Tuesday, June 10, 2014

Clinging To The Cubicle

Image source: flickr.com

Our minds are being turned to custard the longer we stare at our computers. I’m not the slightest bit surprised by this, but that’s more or less the takeaway from Nikil Saval’s book Cubed: A Secret History of the Workplace. Saval’s theory is that biologically, we think better when in nature. When we’re moving and active. The outdoors reduces stress and refreshes us creatively. The theory is backed up by Stanford University research that shows walking boosts creativity.

Profiteering off people is the norm. But as Saval says, humans aren’t suited to just sitting at a desk, destined to repeat the same tasks. We yearn for more. It is in our nature to want to explore, communicate and collaborate – and not through a screen.

Some revolutionary workplaces are looking to bring nature into the office. They’re focusing on design solutions. Improving the feel of the building. In some cases even trying to develop full ecosystems. But really what most of us want is more time away out of the office. Saval argues that design can only go so far. When it comes to the crunch, if you want happy employees delivering quality, creative and inspiring work, then we need to embrace flexibility. Empower people to get outside more on their own terms during the day. It could be a walk, lunch outside, or just time out. The longer we cling to the office cubicle, the worse off we’ll be.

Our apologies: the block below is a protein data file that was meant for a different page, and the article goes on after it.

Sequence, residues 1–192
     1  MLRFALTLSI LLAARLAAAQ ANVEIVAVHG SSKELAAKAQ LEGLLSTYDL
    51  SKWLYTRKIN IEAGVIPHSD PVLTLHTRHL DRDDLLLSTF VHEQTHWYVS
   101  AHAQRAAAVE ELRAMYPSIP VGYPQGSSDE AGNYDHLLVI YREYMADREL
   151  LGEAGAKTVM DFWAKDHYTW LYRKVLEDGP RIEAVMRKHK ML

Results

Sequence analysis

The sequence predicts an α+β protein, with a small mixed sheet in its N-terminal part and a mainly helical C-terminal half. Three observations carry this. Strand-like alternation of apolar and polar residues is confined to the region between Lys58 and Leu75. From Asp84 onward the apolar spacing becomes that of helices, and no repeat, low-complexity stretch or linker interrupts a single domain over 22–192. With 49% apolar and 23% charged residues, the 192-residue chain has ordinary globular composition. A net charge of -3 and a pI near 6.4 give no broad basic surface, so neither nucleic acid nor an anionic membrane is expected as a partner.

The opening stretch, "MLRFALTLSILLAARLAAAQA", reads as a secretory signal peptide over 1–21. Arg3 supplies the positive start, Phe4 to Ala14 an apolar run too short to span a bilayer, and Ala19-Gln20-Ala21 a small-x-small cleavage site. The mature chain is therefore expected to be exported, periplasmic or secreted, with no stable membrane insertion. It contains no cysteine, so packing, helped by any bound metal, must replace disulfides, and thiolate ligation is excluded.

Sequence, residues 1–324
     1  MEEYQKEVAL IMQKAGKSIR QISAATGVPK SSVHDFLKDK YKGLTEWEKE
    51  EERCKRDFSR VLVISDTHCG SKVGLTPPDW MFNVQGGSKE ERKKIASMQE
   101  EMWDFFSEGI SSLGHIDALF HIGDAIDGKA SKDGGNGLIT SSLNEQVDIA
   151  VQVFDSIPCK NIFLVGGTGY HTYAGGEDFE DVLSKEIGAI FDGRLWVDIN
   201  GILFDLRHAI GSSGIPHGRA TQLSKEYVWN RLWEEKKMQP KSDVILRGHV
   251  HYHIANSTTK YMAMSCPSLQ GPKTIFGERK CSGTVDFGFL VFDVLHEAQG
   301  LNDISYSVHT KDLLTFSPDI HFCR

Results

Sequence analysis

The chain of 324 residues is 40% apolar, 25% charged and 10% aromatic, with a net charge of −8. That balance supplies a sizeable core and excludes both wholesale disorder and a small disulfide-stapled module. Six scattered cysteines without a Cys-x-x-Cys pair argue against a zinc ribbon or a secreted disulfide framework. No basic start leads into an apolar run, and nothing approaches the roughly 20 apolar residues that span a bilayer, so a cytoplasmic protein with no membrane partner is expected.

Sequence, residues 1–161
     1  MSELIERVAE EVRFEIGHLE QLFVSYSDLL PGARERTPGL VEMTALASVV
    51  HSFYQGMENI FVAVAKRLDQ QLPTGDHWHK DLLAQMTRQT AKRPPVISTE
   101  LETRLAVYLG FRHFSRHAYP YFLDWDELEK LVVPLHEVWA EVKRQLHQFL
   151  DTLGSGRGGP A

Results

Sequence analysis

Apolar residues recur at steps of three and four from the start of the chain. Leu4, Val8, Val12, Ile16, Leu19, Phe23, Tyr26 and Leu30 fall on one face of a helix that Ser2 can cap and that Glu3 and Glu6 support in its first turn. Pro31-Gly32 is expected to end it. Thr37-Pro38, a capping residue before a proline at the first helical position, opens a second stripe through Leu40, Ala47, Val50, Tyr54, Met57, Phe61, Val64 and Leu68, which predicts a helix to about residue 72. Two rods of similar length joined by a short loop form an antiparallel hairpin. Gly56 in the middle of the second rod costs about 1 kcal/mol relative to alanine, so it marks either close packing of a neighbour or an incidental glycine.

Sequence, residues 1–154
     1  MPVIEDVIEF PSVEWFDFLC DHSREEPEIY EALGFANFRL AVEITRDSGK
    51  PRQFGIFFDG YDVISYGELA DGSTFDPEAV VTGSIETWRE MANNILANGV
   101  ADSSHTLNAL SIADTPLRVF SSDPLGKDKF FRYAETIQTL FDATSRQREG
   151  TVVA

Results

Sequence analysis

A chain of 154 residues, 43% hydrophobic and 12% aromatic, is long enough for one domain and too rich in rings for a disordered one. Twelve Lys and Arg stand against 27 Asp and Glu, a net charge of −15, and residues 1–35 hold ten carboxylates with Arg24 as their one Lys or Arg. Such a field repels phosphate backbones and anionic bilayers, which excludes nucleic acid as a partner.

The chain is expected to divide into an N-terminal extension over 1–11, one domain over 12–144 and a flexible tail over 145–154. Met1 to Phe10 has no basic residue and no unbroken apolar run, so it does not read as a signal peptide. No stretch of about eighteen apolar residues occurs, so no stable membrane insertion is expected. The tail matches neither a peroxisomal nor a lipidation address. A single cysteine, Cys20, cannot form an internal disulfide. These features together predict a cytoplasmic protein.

1 comment:

Media Messiah said...

Working in an office is like Kryptonite to my creativity. I like to be out there in the real world overhearing old ladies at bus stops, or blokes in greasy spoons chewing the fat. It's one thing hearing about a client and what they're trying to achieve, but I think the answers lie out there in the real world, where the consumer and the client interact.